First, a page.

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Messina (Italian pronunciation: [mesˈsiːna]  ( listen), Sicilian: Missina) is the third largest city on the island of Sicily, Italy and the capital of the province of Messina. It has a population of about 250,000 inhabitants in the city proper and about 500,000 in the province. It is located near the northeast corner of Sicily, at the Strait of Messina, just opposite Villa San Giovanni on the mainland.

The main economical resources of the city are: the port (commercial and military), provided with several shipyards; agriculture, that includes the cultivation of lemons, oranges, mandarin oranges, olives and wine production; tourism.

The city has been a Roman Catholic Archdiocese and Archimandrite seat since 1548 and is home to a locally important international fair.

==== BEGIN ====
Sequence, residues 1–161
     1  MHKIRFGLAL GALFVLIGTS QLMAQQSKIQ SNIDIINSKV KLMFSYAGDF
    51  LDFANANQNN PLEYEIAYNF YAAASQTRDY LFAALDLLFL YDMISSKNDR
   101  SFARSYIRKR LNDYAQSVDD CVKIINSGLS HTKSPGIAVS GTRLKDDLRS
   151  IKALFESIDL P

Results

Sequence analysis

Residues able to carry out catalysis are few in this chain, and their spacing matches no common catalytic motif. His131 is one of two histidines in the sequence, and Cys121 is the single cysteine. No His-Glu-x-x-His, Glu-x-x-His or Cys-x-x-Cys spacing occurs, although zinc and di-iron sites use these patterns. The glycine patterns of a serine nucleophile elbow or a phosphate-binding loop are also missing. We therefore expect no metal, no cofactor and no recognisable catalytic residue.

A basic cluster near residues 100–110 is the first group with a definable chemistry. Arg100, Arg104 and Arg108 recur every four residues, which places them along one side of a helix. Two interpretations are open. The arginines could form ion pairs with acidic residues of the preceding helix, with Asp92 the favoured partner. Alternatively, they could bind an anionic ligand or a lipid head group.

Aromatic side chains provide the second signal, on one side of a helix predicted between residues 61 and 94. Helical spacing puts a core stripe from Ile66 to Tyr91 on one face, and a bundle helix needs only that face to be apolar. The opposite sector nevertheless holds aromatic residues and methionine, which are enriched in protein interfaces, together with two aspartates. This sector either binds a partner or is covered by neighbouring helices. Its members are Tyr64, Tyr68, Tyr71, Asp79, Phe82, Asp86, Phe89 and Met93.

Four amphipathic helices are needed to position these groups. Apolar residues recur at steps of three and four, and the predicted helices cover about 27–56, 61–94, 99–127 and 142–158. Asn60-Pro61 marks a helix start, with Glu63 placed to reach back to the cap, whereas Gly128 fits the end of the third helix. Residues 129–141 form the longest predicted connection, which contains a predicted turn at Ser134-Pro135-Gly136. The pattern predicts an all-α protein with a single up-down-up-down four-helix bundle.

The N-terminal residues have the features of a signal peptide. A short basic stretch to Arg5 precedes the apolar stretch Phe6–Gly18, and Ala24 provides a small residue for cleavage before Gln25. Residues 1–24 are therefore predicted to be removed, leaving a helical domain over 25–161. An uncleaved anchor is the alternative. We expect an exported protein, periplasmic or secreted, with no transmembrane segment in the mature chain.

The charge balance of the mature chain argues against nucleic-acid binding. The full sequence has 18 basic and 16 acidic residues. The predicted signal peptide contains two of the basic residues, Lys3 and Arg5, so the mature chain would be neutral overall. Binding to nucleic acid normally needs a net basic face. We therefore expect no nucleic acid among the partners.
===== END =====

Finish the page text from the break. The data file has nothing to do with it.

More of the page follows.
Founded by Greek colonists in the 8th century BC, Messina was originally called Zancle, from the Greek: ζάγκλον meaning "scythe" because of the shape of its natural harbour (though a legend attributes the name to King Zanclus). A comune of its province, located at the southern entrance of the Strait of Messina, is to this day called 'Scaletta Zanclea'. In the early 5th century BC, Anaxilas of Rhegium renamed it Messene in honour of the Greek city Messene (Greek: Μεσσήνη). (See also List of traditional Greek place names.) The city was sacked in 397 BC by the Carthaginians and then reconquered by Dionysius I of Syracuse.

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